Plans for the UK to become 'carbon' neutral by 2050 have been released by Theresa May's government, but experts are concerned over how the proposals will work.
The new report commits to ensuring that the emissions generated by the UK are offset by removing the same amount of carbon from the atmosphere.
There are two main ways this can be achieved - by planting more trees and by installing 'carbon capture' technology at the source of the pollution.
Some critics are worried that this first option will be used by the government to export it's carbon offsetting to other countries.
International carbon credits let nations continue emitting carbon while paying for trees to be planted elsewhere, balancing out their emissions.
Some experts argue that the scheme is a way for developed nations to shirk their environmental obligations, by passing them to poor and developing countries.
All in all, this leaves Mrs May's proposals looking more like a vanity project than an achievable goal for change.
Plans for the UK to become 'carbon' neutral by 2050 have been released by Theresa May's government, but experts are concerned over how the proposals will work (file photo)
Chris Skidmore, the acting energy minister, has claimed the costs would amount to between one and two per cent of the UK's GDP - the same amount stated in 2008 to reach the previous 80 per cent reduction target
The UK is the first developed nation to commit to a 'net zero' pledge on carbon emissions.
The government says the move will also benefit people's health, as well as reducing air and noise pollution.
Not everyone is convinced of the benefits of the methods hinted at in the report, however, particular carbon offsetting.
Craig Bennett, UK chief executive of Friends of the Earth, said: 'It is disappointing that the Government has ignored its climate advisers' recommendation to exclude carbon offsets - as well as caving into Treasury pressure to review the target in five years' time.
'Fiddling the figures would put a huge dent in our ability to avoid catastrophic climate change - and the Government's credibility for taking this issue seriously.
'Having declared a climate emergency, Parliament must act to close these loopholes.
'2050 is still too slow to address catastrophic climate change, the UK can and must go faster.
'The next prime minister must legislate to end our contribution to climate breakdown earlier, put carbon-cutting at the centre of policy-making and pull the plug on plans for more roads, runways and fracking.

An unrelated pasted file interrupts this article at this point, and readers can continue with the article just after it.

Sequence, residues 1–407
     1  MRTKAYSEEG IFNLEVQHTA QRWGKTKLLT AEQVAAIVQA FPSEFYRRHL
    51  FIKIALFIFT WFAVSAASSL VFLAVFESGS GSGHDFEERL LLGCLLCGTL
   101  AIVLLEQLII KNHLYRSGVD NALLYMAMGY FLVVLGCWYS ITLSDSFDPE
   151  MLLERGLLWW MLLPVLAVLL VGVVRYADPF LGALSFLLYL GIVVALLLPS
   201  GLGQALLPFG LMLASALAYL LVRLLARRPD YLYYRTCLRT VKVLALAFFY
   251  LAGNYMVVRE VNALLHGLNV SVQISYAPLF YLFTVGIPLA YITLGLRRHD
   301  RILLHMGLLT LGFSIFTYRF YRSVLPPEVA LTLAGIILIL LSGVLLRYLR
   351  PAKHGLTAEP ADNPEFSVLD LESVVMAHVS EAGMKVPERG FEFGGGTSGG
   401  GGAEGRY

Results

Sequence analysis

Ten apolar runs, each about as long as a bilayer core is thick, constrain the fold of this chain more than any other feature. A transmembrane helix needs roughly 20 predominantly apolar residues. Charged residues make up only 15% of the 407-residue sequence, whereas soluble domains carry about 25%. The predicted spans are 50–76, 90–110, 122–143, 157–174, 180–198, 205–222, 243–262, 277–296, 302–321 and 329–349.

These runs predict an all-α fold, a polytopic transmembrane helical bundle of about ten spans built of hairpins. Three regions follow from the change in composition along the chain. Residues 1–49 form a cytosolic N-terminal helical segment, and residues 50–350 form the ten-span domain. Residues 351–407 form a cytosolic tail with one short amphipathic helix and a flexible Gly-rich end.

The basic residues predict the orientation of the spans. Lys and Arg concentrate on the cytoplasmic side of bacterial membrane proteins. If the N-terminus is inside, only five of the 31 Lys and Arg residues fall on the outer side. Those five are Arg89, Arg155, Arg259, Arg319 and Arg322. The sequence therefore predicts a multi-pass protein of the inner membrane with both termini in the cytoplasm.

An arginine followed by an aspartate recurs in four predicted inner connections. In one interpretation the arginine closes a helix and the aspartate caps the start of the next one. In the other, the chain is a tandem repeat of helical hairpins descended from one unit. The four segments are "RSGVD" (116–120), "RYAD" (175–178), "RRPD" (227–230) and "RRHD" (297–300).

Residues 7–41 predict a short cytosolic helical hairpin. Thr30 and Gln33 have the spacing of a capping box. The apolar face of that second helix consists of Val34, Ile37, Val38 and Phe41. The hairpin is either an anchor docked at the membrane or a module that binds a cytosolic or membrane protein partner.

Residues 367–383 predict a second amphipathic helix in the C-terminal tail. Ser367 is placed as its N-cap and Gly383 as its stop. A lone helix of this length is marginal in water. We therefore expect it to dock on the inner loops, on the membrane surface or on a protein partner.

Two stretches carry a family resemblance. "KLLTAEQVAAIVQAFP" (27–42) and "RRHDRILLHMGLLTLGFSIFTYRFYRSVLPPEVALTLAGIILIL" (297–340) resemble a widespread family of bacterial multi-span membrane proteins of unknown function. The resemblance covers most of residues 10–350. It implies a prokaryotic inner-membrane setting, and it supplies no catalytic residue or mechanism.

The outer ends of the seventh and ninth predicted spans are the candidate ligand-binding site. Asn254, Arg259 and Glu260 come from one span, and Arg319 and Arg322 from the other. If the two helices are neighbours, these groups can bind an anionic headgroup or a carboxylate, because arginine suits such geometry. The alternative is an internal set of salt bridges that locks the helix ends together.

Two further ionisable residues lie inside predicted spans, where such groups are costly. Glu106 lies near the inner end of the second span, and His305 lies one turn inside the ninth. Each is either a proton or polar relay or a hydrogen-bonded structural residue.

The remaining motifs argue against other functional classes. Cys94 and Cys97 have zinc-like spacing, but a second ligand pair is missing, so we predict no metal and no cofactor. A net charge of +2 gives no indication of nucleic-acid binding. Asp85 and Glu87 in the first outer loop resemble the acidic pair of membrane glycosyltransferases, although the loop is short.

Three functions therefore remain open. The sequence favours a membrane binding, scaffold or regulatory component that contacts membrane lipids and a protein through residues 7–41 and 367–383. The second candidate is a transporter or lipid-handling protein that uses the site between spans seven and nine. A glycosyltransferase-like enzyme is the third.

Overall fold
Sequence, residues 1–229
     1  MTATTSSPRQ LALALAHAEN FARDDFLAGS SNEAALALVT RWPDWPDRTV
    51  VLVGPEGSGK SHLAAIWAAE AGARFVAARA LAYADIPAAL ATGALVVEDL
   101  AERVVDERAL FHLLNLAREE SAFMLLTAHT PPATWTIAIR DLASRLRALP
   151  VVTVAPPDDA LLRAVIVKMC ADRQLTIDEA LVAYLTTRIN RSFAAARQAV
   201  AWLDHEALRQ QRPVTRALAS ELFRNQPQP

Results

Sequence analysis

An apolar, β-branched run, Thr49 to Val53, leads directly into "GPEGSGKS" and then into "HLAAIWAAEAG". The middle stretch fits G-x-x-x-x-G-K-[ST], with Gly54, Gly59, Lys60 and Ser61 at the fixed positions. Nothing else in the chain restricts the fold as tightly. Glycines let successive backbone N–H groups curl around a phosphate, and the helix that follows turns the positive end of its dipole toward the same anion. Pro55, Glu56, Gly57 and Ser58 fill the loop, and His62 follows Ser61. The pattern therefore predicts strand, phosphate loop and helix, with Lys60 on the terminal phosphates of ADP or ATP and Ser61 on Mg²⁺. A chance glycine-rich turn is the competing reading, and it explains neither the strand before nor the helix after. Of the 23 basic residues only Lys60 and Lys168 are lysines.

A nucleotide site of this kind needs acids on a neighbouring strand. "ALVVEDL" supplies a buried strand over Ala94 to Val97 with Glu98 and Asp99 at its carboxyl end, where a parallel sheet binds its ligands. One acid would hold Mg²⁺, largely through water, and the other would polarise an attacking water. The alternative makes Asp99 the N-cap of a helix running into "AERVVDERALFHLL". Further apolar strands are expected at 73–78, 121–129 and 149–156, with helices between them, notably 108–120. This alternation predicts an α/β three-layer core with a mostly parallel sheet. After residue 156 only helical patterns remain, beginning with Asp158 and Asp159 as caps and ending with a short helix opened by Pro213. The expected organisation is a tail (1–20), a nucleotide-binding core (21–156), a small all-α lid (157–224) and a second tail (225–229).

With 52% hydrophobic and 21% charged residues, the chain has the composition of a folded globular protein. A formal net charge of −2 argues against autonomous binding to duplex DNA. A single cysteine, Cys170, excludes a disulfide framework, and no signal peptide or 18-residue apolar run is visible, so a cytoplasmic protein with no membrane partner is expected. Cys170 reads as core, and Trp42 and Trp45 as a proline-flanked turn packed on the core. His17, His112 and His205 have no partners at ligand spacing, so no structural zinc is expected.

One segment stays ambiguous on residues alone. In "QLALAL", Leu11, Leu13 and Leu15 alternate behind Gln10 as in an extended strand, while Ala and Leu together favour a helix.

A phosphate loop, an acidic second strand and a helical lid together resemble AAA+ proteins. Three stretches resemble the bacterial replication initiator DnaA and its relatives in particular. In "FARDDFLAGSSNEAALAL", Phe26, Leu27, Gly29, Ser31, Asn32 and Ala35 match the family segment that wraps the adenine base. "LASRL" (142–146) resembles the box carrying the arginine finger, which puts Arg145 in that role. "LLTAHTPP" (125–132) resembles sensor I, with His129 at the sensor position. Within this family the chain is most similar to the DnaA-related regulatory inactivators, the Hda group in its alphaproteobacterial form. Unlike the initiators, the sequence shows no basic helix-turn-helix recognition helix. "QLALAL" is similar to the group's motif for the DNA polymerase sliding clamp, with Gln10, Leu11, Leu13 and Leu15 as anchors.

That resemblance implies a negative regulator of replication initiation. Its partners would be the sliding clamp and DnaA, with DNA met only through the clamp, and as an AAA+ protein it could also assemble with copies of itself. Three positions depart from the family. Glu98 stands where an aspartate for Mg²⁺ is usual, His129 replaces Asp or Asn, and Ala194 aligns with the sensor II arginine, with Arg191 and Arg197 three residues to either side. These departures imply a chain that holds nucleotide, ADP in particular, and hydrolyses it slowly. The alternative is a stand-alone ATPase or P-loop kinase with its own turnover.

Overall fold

'It's now time to build the carbon-free future that science requires and the public are so loudly demanding.'
Former Green Party leader Caroline Lucas added: 'It means that we would pay poorer countries to plant trees to reduce our emissions'.
A statutory instrument will amend the government's existing goal to cut climate pollution by 80% by 2050, which was agreed by MPs under the Climate Change Act in 2008. This graphic shows current emissions by sector in 1991 compared to 2001
Some experts argue that offsetting carbon internationally is a way for developed nations to shirk their environmental obligations, by passing them to poor and developing countries. This graphic shows the UK's falling greenhouse gas emissions
The plans involve offsetting or eliminating emissions from every aspect of modern life, including electricity generation, transport and heating.
This would be achieved through measures like the adoption of electric vehicles, switching to renewable energy sources and getting rid of gas powered hobs and boilers.
There are currently no plans for how to reduce emissions from the aviation industry or industrial process like steel and cement production, which are harder to tackle.
The carbon emitted from these kinds of processes would need to be offset by tree planting.
Reacting to Theresa May’s answer to Green MP Caroline Lucas at Prime Minister’s Questions, Green party co-leader Jonathan Bartley said: 'The Prime Minister’s claim that setting a legal target is "action" simply doesn’t stack up.
'As Caroline identified, there are steps Theresa May could take in her short remaining time as Prime Minister, cancelling Heathrow expansion, turning money earmarked for new roads to public transport and stopping fracking.'
The new report commits to ensuring that the emissions generated by the UK are offset by removing the same amount of carbon from the atmosphere - by planting more trees and by